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Friendly viruses discovered in the stomach's ever-growing ecosystem

Sterile, bacteria-free mice with damaged guts can have their insides healed by a common rodent virus, providing the first evidence of internal, beneficial, virus communities.

  Let me introduce a new word to your vocabulary: virome. The word’s made up of ‘vir’ from virus, and ‘ome’ as in genome – all of the genes in a creature. You have your very own virome. Chances are that you have at least one virus in you right now, at least, and all of the dozens of genes in these viruses make up your virome. The viruses you are harbouring might be disease-causing, they might be benign, or they might just be ‘passing though’, so to speak. A previous study showed that an individual’s diet can affect their virome, but otherwise, we don’t know how stable our viromes are. Of course, we are interested in studying disease-causing viruses, but of the benign viruses, we still know relatively little. Microbiologists at the Langone Medical Centre at New York University have potentially found the first evidence of a virome promoting health in a mammal: not humans, but mice. In both mice and humans, bacteria (not viruses) also live in guts and are known to be important for digestion and regular health. For the study, the team fed antibiotics to mice, completely wiping out their gut bacteria, forming a blank slate. The researchers then fed a chemical to the mice, which damaged the tissues in their gut. Half of the mice were then treated with a common rodent virus, Murine norovirus or MNV, while the others were not. The mice treated with MNV lived longer, had healthier intestines, and less gut damage than mice free from the virus. The virally infected mice also showed better water retention during diarrhoea than uninfected mice. MNV, like other viruses, has markers on its surface, which informed the mice’s immune systems of its presence. The immune system then gets activated by the virus, which then helps to restore the damaged gut. Future studies will make moves to catalogue the variety of virus species in our bodies – the nasty ones, the passive ones, and the ones that can be either, under the right conditions. And since a bulk of virus species infect bacteria, future studies will also have to figure out how our internal viruses interact with our all-important gut bacteria. Research into the viral community of our guts is in its infancy, and if this field of study begins to blossom like the research into gut bacteria, it may well be a good idea to remember that new term: virome. First published on Think Inc. Feature photograph: Tom Thai/Flickr Story source: Science Daily/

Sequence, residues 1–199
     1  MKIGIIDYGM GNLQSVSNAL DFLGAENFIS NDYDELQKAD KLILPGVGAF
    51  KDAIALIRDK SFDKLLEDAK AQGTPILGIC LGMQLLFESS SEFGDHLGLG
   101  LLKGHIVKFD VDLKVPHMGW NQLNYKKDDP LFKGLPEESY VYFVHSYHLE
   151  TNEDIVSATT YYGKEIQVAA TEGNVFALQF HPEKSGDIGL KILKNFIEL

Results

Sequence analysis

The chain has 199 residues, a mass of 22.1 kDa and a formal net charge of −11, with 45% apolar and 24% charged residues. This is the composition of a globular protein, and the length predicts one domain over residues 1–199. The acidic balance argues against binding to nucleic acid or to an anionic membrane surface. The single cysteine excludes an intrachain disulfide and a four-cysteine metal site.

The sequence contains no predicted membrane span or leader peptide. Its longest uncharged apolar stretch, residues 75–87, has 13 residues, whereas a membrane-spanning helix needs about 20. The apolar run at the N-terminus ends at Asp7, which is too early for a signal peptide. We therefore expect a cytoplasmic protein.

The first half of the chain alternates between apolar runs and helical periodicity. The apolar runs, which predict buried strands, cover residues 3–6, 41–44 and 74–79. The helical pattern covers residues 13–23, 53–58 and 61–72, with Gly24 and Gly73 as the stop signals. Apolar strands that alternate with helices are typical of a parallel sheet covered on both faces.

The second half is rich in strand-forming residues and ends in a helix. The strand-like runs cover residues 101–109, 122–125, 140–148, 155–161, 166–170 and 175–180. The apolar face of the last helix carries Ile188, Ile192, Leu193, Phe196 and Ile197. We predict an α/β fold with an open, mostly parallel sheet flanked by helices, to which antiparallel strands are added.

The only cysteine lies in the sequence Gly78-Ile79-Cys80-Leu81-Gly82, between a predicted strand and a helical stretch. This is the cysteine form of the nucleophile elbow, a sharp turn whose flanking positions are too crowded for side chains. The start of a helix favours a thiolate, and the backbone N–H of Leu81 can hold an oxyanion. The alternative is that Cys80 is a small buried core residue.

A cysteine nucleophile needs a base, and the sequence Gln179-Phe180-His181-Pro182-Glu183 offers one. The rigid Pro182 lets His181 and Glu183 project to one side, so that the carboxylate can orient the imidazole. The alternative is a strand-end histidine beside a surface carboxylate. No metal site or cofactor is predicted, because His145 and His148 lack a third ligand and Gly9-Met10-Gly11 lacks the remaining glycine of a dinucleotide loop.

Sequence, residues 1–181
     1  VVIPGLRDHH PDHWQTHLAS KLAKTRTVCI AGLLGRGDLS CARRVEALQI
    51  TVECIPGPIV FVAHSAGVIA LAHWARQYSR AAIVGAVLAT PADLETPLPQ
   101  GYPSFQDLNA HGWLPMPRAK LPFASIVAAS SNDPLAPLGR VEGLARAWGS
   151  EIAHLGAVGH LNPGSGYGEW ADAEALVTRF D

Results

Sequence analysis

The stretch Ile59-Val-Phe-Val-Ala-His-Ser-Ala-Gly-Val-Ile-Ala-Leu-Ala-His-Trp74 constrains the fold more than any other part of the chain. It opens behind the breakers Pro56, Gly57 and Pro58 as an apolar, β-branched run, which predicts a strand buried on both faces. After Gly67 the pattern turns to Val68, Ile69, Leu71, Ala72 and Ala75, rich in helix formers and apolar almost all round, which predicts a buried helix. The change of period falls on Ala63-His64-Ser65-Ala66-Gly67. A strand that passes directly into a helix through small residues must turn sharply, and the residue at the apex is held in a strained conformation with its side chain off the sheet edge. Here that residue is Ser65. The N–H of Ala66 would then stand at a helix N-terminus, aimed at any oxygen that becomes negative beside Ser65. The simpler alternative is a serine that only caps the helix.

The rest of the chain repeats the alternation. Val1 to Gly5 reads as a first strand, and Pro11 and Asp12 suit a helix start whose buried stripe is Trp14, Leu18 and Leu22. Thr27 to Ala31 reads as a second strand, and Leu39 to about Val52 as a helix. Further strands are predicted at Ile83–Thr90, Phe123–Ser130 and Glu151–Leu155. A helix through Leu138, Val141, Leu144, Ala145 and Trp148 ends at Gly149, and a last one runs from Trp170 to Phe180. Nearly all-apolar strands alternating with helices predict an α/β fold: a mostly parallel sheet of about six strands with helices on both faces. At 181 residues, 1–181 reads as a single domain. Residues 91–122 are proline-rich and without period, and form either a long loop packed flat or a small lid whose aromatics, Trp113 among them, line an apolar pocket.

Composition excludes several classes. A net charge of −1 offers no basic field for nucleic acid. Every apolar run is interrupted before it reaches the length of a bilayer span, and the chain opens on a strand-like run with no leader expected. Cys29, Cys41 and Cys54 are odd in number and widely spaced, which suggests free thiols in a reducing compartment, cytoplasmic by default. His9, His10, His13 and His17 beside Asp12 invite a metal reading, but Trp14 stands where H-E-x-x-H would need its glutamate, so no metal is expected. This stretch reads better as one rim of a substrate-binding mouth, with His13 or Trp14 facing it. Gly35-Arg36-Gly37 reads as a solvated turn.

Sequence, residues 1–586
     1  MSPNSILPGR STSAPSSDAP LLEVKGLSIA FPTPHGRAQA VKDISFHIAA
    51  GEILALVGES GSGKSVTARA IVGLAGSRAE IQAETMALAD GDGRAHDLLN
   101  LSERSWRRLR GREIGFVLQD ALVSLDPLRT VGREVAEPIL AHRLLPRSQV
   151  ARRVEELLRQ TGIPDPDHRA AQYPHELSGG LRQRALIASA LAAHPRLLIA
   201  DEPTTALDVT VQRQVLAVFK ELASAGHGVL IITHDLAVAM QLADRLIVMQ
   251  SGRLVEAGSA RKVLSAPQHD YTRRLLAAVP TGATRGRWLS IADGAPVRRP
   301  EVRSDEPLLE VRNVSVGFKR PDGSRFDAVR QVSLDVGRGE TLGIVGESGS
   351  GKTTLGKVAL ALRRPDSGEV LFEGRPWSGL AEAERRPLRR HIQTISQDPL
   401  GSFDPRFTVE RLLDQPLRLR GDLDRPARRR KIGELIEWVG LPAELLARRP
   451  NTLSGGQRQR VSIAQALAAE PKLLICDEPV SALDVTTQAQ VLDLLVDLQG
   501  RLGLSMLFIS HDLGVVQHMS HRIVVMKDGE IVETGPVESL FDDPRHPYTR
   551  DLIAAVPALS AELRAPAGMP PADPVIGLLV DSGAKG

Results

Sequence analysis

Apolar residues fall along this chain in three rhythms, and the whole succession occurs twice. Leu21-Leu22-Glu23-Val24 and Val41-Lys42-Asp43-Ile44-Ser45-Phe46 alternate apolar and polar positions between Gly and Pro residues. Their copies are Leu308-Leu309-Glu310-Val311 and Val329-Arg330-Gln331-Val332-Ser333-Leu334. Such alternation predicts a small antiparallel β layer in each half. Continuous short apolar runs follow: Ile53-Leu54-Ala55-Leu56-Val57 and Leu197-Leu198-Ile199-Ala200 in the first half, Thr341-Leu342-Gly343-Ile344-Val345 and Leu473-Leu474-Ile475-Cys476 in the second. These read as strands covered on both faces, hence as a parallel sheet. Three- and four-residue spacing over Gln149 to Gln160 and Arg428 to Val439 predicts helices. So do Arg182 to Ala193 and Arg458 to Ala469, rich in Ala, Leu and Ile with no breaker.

Let me introduce a new word to your vocabulary: virome. The word’s made up of ‘vir’ from virus, and ‘ome’ as in genome – all of the genes in a creature.

You have your very own virome. Chances are that you have at least one virus in you right now, at least, and all of the dozens of genes in these viruses make up your virome.

The viruses you are harbouring might be disease-causing, they might be benign, or they might just be ‘passing though’, so to speak.

A previous study showed that an individual’s diet can affect their virome, but otherwise, we don’t know how stable our viromes are.

Of course, we are interested in studying disease-causing viruses, but of the benign viruses, we still know relatively little.

Microbiologists at the Langone Medical Centre at New York University have potentially found the first evidence of a virome promoting health in a mammal: not humans, but mice.

In both mice and humans, bacteria (not viruses) also live in guts and are known to be important for digestion and regular health.

For the study, the team fed antibiotics to mice, completely wiping out their gut bacteria, forming a blank slate. The researchers then fed a chemical to the mice, which damaged the tissues in their gut.

Half of the mice were then treated with a common rodent virus, Murine norovirus or MNV, while the others were not.

The mice treated with MNV lived longer, had healthier intestines, and less gut damage than mice free from the virus. The virally infected mice also showed better water retention during diarrhoea than uninfected mice.

MNV, like other viruses, has markers on its surface, which informed the mice’s immune systems of its presence. The immune system then gets activated by the virus, which then helps to restore the damaged gut.

Future studies will make moves to catalogue the variety of virus species in our bodies – the nasty ones, the passive ones, and the ones that can be either, under the right conditions.

And since a bulk of virus species infect bacteria, future studies will also have to figure out how our internal viruses interact with our all-important gut bacteria.

Research into the viral community of our guts is in its infancy, and if this field of study begins to blossom like the research into gut bacteria, it may well be a good idea to remember that new term: virome.

First published on Think Inc.

Feature photograph: Tom Thai/Flickr

Story source: Science Daily/